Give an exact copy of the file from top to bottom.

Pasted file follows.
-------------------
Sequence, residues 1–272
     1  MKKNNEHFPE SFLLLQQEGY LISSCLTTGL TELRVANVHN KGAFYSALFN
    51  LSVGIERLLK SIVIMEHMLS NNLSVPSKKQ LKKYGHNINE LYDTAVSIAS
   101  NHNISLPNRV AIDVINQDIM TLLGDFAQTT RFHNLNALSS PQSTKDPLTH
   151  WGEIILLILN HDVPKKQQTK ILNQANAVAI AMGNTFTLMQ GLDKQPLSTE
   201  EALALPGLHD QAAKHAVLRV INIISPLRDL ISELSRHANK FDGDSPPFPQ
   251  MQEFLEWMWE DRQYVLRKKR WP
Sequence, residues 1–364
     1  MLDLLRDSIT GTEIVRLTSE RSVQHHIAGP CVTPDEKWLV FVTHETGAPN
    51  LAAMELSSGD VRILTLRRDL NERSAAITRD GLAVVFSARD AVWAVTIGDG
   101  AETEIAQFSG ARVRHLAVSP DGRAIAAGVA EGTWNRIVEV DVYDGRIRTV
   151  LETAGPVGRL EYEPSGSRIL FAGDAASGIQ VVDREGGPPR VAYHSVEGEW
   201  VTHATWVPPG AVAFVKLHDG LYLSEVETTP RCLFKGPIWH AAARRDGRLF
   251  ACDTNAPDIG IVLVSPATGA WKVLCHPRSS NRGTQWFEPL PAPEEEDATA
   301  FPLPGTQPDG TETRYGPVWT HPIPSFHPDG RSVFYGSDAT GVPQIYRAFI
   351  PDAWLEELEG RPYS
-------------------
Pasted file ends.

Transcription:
Sequence, residues 1–272
     1  MKKNNEHFPE SFLLLQQEGY LISSCLTTGL TELRVANVHN KGAFYSALFN
    51  LSVGIERLLK SIVIMEHMLS NNLSVPSKKQ LKKYGHNINE LYDTAVSIAS
   101  NHNISLPNRV AIDVINQDIM TLLGDFAQTT RFHNLNALSS PQSTKDPLTH
   151  WGEIILLILN HDVPKKQQTK ILNQANAVAI AMGNTFTLMQ GLDKQPLSTE
   201  EALALPGLHD QAAKHAVLRV INIISPLRDL ISELSRHANK FDGDSPPFPQ
   251  MQEFLEWMWE DRQYVLRKKR WP
Sequence, residues 1–364
     1  MLDLLRDSIT GTEIVRLTSE RSVQHHIAGP CVTPDEKWLV FVTHETGAPN
    51  LAAMELSSGD VRILTLRRDL NERSAAITRD GLAVVFSARD AVWAVTIGDG
   101  AETEIAQFSG ARVRHLAVSP DGRAIAAGVA EGTWNRIVEV DVYDGRIRTV
   151  LETAGPVGRL EYEPSGSRIL FAGDAASGIQ VVDREGGPPR VAYHSVEGEW
   201  VTHATWVPPG AVAFVKLHDG LYLSEVETTP RCLFKGPIWH AAARRDGRLF
   251  ACDTNAPDIG IVLVSPATGA WKVLCHPRSS NRGTQWFEPL PAPEEEDATA
   301  FPLPGTQPDG TETRYGPVWT HPIPSFHPDG RSVFYGSDAT GVPQIYRAFI
   351  PDAWLEELEG RPYS